The World Series of Poker, 2010. Associated Press More than 6,300 players, each paying an entry fee of $10,000, gathered in Las Vegas early this month for the championship event of the 44th annual World Series of Poker. The tournament ran for 10 days, and just nine players now remain. They will reunite in November for a twoday live telecast to determine who wins the first prize: $8.3 million. Poker didn’t get this big overnight. In 2003, a thenrecord 839 players entered the championship for a shot at $2.5 million. The winner was an amateur with the improbable name of Chris Moneymaker. After ESPN devoted seven primetime hours to his triumph, online poker took off and tournament participation ballooned, as did prize pools. The U.S. government’s ban on the major online poker sites in 2011 reined in enthusiasm, but the game has continued to grow in Europe, Asia and Latin America. This growth over the past decade has been accompanied by a profound change in how the game is played. Concepts from the branch of mathematics known as game theory have inspired new ideas in poker strategy and new advice for ordinary players. Poker is still a game of reading people, but grasping the significance of their tics and twitches isn’t nearly as important as being able to profile their playing styles and understand what their bets mean. In nolimit hold’em poker, the game used for the World Series championship, each player is dealt two private cards and attempts to make the best fivecard hand that he can by combining his own cards with five cards that are shown faceup and shared by all players. Those cards are revealed in stages: The first three are the “flop,” the fourth is the “turn,” and the fifth is the “river.” Players can bet any amount they like at each stage. Suppose you hold a pair of sevens, and before the flop is dealt you go allin (bet all of your chips). One player calls your bet, and everyone else folds their hands. You both turn your cards face up, and you are happy to see your opponent show a pair of sixes. You are in great shape, since you have the better hand. But when the flop arrives, it contains a six, giving your opponent three sixes, and your own hand doesn’t improve, so you lose. Was your allin play correct? In terms of results, it wasn’t, because you lost all your chips. But according to the math of hold’em, a pair of sevens is favored to beat a pair of sixes 81% of the time. So if you can go allin with sevens and get your bet called by players holding sixes over and over again, luck should even out, and eventually you will be a big winner. Poker theorist David Sklansky once wrote that you should consider yourself a winner as long as you had the higher probability of winning the hand when all the money went into the pot. This attitude is consistent with the underlying mathematical reality of poker, and it can smooth out your emotional reactions to losses and wins. What matters is the quality of your decisions, not the results that come from them. A few years ago, a young pro named Phil Galfond published a crucial refinement to Mr. Sklansky’s point. He showed that the right way to analyze a poker decision is to consider your opponent’s “range”—that is, the full set of different hands that he could plausibly have, given all the actions that he has thus far taken. So if, for example, you believed that your opponent would only call your bet if he held sixes or a better pair, then at the moment he calls—before he turns up his cards—you should be unhappy. You want to see the sixes and be an 81% favorite, but you are much more likely to see a hand like eights, nines or higher, and against any of these your likelihood of winning is only about 19%. In fact, against this range of pairs from sixes up to aces, your “equity”—your winning chances averaged over all of those possible hands—would be just 27%. Of course, in poker, you rarely know your opponent’s range precisely, nor does he know yours. In our example, if your opponent thinks you would never go allin without at least a pair of tens, he probably won’t call you with anything worse than that. So his calling range depends on what he thinks your range could be. In practice, this means that you should not make a particular play (such as an allin bet) only when you have a superstrong hand, because this makes it easy for an observant opponent to deduce your range and fold with all but his own superstrong hands. If you sometimes make a strong play with weak hands—the ancient practice of bluffing—your opponent has a harder time narrowing your range down. This concept, known as “balancing” one’s range, supplements an expert’s intuition about when to bluff with logical explanations of why and how often it is the right play. Calculating equities for ranges is too complicated to do while you are playing. Today’s top tournament players advise upandcomers not to memorize formulas but to improve their feeling for ranges by playing with poker calculation apps that rapidly estimate odds by simulating thousands of hands. Why this sudden leap forward in the strategy of a game that has existed for over a century? Computer analysis has contributed, just as it has wrought changes in backgammon and chess theory. But the real cause of the advances that have accompanied the poker boom has been the boom itself. With 10 times more people seriously playing the game, the collective creativity and thinking power of the poker world has grown by at least an order of magnitude. The growth of poker theory is a perfect example of how innovation accelerates in interacting communities. Today’s poker players are in a worldwide arms race to discover new ideas and refine their playing styles, led by the younger generation of more mathematically minded pros. And collective progress comes from the application of collective intelligence: Putting more minds to work on a problem makes the discovery of new and better solutions much more likely. Jason Lee 1. Each player is dealt two private cards. The goal: to make the best fivecard hand using the five faceup cards shared by all players. 2. Player A gets two sevens; Player B gets two sixes. Neither player knows what the other has yet, but a pair of sevens is favored to beatapair of sixes 81% of the time. 3. After the shared cards are dealt and the players reveal their hands, Player B wins with three sixes, beating the odds. —Mr. Chabris is a psychology professor at Union College, the coauthor of “The Invisible Gorilla: How Our Intuitions Deceive Us” and a chess master. He played in his first World Series of Poker this year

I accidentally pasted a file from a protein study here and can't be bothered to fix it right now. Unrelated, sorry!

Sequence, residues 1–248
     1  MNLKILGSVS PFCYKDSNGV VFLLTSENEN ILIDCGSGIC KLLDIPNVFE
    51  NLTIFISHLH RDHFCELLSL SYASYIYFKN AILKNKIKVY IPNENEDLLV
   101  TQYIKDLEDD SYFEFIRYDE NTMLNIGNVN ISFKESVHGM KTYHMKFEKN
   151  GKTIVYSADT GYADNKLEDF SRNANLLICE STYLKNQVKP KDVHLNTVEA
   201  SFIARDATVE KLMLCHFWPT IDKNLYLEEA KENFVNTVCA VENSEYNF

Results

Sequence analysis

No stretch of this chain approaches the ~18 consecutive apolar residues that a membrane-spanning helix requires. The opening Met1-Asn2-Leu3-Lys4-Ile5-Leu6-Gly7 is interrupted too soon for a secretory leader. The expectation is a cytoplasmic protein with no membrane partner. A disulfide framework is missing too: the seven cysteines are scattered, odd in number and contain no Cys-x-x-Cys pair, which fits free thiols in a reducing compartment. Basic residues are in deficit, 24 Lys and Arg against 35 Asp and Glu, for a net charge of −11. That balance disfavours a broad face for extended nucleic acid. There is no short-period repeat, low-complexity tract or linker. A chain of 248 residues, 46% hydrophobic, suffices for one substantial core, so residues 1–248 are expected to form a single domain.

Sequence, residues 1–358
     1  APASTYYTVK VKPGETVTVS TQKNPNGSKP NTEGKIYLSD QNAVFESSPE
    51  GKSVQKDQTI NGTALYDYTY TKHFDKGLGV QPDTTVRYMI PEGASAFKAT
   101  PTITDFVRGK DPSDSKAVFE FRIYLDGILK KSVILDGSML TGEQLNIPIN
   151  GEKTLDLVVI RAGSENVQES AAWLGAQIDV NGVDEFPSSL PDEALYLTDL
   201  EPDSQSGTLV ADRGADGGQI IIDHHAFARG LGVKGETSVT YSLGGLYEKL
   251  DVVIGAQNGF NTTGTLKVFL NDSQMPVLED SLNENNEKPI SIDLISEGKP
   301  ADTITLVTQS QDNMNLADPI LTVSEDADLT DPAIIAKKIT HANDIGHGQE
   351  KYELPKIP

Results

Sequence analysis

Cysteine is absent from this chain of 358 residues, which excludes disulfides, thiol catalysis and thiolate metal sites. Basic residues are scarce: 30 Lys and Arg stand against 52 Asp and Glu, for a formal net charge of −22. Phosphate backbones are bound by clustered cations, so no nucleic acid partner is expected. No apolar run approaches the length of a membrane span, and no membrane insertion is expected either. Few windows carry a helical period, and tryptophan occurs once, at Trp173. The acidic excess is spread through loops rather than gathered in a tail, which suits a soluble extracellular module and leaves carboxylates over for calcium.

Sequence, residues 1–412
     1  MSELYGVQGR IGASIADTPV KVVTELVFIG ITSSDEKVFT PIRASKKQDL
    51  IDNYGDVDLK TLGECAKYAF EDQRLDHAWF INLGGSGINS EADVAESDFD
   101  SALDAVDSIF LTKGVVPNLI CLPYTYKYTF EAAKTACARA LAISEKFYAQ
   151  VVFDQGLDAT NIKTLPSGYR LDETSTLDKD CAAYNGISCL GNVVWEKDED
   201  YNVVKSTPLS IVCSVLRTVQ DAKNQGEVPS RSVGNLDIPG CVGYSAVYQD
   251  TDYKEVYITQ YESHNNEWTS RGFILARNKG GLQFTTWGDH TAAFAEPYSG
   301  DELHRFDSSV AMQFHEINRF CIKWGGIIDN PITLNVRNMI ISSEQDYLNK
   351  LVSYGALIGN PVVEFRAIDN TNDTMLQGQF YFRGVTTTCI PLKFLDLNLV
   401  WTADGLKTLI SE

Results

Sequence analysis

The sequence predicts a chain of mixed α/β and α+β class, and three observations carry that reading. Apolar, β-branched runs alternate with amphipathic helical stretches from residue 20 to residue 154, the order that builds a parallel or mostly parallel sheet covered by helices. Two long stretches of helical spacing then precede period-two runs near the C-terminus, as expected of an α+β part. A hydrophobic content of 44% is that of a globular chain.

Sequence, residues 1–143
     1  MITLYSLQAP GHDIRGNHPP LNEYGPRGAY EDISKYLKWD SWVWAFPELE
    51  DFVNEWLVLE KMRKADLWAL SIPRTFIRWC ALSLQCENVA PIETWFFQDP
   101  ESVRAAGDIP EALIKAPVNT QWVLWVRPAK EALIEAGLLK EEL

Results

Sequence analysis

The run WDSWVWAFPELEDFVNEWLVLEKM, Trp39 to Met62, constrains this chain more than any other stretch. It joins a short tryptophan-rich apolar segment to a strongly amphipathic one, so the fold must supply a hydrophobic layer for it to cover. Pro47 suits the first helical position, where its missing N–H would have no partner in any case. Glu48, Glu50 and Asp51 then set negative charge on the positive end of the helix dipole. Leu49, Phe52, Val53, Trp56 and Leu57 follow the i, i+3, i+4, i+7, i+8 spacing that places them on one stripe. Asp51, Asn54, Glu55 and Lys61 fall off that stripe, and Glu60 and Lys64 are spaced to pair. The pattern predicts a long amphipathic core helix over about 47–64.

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I believe that now in this day and age of super sick players,